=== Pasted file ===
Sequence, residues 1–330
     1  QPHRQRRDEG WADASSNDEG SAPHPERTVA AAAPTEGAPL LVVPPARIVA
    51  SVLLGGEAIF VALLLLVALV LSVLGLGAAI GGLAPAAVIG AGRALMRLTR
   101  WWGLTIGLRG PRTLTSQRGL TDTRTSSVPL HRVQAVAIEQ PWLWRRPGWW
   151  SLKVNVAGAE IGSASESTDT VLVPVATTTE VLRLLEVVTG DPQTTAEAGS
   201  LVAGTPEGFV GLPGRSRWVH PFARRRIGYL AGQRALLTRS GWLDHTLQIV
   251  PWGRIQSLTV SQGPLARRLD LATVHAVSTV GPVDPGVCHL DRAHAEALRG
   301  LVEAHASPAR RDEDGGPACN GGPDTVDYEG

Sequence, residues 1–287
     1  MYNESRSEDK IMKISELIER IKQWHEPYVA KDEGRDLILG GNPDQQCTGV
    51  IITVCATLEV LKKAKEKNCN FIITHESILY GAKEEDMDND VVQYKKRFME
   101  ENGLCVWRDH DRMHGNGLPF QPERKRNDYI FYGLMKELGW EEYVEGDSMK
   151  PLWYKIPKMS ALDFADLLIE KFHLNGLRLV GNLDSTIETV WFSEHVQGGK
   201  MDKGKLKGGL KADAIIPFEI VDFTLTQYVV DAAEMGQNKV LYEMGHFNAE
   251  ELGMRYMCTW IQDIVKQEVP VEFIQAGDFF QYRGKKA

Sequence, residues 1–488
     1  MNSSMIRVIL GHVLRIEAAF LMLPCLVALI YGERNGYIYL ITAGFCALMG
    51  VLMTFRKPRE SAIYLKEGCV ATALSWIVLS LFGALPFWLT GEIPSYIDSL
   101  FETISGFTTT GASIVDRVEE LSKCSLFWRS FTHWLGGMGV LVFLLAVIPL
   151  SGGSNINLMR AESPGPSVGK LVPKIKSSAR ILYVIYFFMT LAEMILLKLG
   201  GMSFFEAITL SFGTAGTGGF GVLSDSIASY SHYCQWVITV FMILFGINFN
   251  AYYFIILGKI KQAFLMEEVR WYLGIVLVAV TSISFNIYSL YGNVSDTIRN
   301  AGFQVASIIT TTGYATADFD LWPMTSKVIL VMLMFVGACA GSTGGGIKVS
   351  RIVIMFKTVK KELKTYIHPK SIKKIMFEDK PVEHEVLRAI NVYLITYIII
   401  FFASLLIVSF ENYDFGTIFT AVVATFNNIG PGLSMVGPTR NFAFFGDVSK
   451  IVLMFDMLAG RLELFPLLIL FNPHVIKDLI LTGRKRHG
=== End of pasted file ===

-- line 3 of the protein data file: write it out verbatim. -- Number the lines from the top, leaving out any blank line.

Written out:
    51  SVLLGGEAIF VALLLLVALV LSVLGLGAAI GGLAPAAVIG AGRALMRLTR